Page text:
Given that 80% of companies used SaaS in 2021, starting one seems like an exciting opportunity and the most promising business. However, SaaS businesses have their dark side — they not only grow at a pace that usually surpasses initial optimistic predictions, they’ve got to keep up to stellar industry benchmarks or become doomed.
It’s not just some theoretical assumption — according to SaaS stats and benchmarks, software development companies with an annual growth rate of 20% have only a 8% chance of surviving.
In such a high-paced and volatile industry, organizational management can be a challenge even for experienced managers. It requires balanced decisions to avoid wasting budget that usually comes from scattershot approach to growth hacking.
What is growth hacking and how it can help you to grow faster through experimenting
The culture of experimenting among SaaS companies is still relevant. So-called “high-tempo” experimenting refers to testing as many ideas as possible over a short period of time to learn faster. The more ideas you’ve tested, the more you’ve learned and the closer is the small win. There is a theory that success in SaaS is all about compounding such small wins over time until it leads to substantial results. Ergo, if you don’t nurture the culture of experimenting within your organization, there is no place for you in this business at all.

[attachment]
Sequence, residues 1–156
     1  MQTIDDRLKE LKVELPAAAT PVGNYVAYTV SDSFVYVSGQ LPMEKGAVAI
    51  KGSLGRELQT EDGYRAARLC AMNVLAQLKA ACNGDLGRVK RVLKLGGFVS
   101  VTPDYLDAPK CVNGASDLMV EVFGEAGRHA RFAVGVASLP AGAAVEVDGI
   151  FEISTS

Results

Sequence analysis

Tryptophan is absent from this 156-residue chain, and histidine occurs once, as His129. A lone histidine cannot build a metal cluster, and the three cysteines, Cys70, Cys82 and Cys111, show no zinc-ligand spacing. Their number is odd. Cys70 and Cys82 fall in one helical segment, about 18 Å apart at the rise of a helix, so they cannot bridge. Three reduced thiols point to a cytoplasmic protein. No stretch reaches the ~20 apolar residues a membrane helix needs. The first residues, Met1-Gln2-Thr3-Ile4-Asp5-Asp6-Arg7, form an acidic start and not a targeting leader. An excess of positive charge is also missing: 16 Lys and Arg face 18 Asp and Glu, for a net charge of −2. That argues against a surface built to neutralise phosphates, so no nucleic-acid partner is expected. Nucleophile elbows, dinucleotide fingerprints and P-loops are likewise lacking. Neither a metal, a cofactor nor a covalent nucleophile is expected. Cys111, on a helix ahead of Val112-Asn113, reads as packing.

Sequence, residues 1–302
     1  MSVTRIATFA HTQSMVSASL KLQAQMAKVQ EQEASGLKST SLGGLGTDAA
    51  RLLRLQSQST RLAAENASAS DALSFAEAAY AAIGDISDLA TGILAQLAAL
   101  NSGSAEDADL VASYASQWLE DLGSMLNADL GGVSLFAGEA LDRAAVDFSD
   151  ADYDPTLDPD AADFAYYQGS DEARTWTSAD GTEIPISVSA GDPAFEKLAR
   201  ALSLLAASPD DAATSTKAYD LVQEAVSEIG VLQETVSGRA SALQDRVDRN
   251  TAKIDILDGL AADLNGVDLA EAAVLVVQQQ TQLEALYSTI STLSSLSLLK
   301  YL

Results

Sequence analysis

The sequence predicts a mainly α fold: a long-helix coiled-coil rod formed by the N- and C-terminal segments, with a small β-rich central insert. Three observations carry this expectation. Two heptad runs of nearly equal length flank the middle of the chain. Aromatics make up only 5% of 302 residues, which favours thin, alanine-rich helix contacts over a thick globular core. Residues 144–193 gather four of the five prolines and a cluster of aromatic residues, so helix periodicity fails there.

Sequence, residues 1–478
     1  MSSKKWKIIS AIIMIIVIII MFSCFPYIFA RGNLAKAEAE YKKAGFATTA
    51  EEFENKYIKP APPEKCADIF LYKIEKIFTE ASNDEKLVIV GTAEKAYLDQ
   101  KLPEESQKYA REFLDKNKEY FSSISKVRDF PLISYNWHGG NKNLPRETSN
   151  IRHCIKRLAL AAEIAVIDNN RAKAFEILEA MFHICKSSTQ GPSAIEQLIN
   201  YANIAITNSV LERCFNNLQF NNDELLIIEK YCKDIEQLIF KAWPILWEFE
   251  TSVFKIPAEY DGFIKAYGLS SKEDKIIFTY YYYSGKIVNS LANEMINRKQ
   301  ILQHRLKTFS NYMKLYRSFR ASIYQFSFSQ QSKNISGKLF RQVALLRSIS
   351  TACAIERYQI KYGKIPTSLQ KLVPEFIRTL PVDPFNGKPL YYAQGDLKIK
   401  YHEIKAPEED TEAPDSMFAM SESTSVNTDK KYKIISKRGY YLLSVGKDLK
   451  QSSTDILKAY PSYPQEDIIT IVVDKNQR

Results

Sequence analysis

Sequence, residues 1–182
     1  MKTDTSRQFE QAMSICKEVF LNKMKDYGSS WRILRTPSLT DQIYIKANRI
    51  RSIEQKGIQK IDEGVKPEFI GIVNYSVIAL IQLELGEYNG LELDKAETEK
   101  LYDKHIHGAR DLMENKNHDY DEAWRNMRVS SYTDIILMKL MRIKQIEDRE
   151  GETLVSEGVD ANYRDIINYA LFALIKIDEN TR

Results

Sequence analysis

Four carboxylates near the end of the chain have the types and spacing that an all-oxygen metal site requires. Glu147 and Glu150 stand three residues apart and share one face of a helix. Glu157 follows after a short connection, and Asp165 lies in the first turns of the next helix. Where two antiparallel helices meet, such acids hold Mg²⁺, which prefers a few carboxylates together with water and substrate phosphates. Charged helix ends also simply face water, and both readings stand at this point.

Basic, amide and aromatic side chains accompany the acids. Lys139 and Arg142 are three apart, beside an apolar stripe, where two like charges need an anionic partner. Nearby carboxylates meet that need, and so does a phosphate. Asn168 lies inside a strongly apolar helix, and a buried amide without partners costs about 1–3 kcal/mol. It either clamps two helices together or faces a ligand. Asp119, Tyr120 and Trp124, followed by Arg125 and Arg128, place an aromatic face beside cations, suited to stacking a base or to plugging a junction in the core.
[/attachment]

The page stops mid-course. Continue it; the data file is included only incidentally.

- Generate ideas
After defining your product/market fit, following this simple scheme will let you focus on main processes and avoid getting into chaos.
Gather and analyze data
The initial stage requires you to monitor the behaviour of your customers closely. What things engage them most? Where do they bounce? What are the reasons for the bounce?
By analyzing the initial wave of customers that you’ve acquired, you pave the way for your future ideas and hypotheses.
Try to find out what makes your initial users abandon your product as well as where they drop on your website. The three main question that you attempt to answer here are:
- Who is my target audience?
- What are they looking for?
- What events cause them to abandon the product?
Every idea your team generates should contribute to your growth objective and describe ways of implementation. It should also come with an MVP version (test version) of it in case it has one.
All ideas are usually focused around Acquisition, Activation, Retention, Referral or Revenue.
The ideas are often generated through brainstorming with those worthy of submitting voiced on growth meetings. Each idea that gets the highest score in the result is shared with other team members and fixed someplace.
Prioritize your ideas
Prioritizing ideas is a duty of the “growth leader” of your organization. There are numerous ways of singling out the most valid idea, ICE Scoring being among the most popular.
That’s the stage where each idea gets assigned to team members to move forward. It’s important to fix the process of implementing each idea and ensure access to this database to each team member so everyone can see what is put to test and the outcome of it.
How many tests do I need?
Start from running 20-30 per week. Of course, the number directly depends on the budget & company’s size, however, failing to keep up to this number can make you lagging behind. The more experiments you run, the more you learn and the greater are the chances that some of them will produce dramatic wins.